The Unix Shell, Git and Github: an Introduction¶
Command Line Interfaces (CLI) are found throughout all Operating Systems, however we recommend the use of the Unix CLI. If you have a Unix based machine such as Linux/Ubuntu (or other Linux distributions), macOS, you are ready for the next step. If you use a Windows machine, please install the Windows Subsistem for Linux (WSL) as seen in the Before FOSS Starts section.
The Unix Shell¶
The computer is a tool. It evolved over the years from being an intricated calculator into an interactive machine with thousands of moving parts that keep us all connected through the Internet. It is now the norm to use a mouse, keyboard, and seeing flashing images on our screens through the Graphical User Interface (GUI). GUIs are central to the way we interact with computers, however, to best take advantage of the computer's many systems, one needs to learn of the Command Line Interface (CLI). The CLI sees the computer stripped down to only a Terminal from where one can run powerful commands executed through the Shell.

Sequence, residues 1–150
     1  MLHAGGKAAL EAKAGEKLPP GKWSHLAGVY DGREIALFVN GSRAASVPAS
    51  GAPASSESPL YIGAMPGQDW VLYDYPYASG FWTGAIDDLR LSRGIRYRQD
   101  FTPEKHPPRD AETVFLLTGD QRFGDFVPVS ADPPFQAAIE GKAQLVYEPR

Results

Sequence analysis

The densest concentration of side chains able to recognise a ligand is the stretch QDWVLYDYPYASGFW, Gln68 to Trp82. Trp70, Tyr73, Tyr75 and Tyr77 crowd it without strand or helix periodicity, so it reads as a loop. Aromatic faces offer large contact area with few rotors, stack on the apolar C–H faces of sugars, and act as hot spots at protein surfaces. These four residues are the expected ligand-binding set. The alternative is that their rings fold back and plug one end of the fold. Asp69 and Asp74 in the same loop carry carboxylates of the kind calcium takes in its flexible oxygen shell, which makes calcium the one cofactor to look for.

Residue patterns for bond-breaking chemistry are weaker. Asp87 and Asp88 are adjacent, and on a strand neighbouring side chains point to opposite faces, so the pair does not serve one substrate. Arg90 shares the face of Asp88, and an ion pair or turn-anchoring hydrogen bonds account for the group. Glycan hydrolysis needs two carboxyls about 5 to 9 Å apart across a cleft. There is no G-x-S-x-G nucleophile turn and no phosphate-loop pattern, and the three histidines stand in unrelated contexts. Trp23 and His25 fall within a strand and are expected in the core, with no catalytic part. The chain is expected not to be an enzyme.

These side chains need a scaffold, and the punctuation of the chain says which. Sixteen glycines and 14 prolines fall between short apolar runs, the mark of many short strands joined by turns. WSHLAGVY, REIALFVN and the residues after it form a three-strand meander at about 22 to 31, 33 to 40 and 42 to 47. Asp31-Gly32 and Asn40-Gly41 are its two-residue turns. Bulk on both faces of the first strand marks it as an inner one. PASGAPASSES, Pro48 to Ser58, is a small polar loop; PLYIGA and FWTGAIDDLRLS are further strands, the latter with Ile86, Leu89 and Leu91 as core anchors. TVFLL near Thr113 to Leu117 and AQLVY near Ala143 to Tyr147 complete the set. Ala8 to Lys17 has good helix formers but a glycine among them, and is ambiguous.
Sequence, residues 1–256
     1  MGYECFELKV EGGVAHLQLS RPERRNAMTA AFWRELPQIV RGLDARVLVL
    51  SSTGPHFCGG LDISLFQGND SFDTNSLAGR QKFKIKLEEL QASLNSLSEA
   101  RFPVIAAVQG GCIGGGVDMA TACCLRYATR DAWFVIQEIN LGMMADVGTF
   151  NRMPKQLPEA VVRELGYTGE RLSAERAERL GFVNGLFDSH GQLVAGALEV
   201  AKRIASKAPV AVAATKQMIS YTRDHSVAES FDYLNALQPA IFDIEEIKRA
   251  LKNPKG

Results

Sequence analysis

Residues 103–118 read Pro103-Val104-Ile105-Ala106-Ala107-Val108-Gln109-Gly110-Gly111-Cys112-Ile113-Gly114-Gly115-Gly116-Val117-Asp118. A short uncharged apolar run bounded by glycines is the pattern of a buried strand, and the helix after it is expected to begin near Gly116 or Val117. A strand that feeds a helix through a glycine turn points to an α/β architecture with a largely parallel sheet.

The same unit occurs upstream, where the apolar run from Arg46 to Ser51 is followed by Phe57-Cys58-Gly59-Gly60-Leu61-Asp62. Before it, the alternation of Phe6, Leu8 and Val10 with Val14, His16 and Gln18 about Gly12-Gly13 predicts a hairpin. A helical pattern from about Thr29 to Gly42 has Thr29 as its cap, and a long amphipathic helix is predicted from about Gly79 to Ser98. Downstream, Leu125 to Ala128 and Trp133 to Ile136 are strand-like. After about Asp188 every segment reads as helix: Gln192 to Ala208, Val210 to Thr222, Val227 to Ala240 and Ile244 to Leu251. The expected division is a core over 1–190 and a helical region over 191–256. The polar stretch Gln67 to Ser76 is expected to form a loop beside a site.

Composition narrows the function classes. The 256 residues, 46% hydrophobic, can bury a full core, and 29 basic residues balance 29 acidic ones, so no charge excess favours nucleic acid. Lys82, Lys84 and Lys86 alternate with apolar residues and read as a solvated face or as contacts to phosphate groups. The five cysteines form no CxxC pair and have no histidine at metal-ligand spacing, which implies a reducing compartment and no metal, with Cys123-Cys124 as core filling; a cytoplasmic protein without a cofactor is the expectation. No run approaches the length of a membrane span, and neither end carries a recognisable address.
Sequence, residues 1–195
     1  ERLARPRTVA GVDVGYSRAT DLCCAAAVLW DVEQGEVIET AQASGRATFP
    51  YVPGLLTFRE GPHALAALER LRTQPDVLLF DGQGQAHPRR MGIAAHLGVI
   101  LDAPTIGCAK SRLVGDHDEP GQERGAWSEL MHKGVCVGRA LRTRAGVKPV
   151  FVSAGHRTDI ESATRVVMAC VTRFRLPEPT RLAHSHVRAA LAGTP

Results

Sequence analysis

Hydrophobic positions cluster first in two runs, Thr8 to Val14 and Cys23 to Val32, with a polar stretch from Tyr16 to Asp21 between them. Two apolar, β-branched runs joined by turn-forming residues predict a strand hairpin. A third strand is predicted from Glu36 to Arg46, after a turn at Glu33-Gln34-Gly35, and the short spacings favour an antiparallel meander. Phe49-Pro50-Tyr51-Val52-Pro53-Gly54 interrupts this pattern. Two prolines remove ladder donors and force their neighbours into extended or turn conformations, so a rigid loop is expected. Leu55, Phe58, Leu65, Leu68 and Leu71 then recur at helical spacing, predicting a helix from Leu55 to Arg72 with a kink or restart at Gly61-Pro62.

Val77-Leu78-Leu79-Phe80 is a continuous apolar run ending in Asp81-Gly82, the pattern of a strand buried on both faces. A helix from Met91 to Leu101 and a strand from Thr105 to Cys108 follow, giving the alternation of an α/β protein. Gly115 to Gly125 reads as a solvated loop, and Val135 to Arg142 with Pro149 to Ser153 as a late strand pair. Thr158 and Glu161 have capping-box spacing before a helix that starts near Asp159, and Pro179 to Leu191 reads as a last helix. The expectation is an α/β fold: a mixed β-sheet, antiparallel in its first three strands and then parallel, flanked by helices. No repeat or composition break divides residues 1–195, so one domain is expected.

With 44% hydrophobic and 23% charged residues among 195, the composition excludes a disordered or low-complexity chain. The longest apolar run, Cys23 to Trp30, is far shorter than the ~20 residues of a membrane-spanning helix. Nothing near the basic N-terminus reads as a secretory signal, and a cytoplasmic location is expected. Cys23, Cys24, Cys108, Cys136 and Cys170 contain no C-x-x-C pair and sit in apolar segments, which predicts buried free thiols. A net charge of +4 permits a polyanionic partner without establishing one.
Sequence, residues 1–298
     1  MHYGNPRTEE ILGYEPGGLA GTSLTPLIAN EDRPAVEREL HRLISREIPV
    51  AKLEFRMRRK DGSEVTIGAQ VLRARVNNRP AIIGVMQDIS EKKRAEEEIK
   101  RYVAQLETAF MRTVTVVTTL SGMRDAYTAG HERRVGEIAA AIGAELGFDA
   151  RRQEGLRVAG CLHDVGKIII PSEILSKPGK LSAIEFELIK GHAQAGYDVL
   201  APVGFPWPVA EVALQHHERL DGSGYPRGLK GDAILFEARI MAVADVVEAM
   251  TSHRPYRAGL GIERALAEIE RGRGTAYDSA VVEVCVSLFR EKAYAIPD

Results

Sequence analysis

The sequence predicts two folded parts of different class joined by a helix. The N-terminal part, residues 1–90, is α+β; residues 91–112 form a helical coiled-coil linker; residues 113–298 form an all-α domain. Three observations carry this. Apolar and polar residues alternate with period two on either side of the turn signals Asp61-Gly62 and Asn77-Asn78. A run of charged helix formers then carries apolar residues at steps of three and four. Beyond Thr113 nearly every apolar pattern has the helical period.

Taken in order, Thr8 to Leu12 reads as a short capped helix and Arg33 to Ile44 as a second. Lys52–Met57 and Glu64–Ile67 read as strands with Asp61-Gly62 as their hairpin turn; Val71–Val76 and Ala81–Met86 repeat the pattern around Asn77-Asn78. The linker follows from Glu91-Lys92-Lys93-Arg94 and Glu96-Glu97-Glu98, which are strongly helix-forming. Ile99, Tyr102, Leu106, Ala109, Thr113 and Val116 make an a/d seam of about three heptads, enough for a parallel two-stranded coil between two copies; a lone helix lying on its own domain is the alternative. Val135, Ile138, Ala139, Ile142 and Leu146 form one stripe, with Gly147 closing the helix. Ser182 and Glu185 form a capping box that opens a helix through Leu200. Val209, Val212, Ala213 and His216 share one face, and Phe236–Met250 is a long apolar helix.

Whilst the GUI allows for better accessbility to a computer, the CLI allows for advanced usage of one's computer.
CLI vs Terminal vs Shell¶
- CLI (Command Line Interface): an interface that receives commands (and gives output) from a user in the form of lines of text.
- Terminal: the text based interface window.
- Shell: a computer program and scripting language that presents a CLI which allows you to control your computer using commands.
The Shell sends commands to the computer through the CLI accessible through a Terminal window
Things-to-Know About Commands¶
- Shell commands are used to navigate, visualize, modify (files/folders) and automate (processes), and can only be executed through the shell's terminal window.
- For every command, typing
man(manual) before the command, will open the manual for said command.
$ man ls
- Doing the above command will result in opening the manual for the
lscommand. You can exist the man page by pressing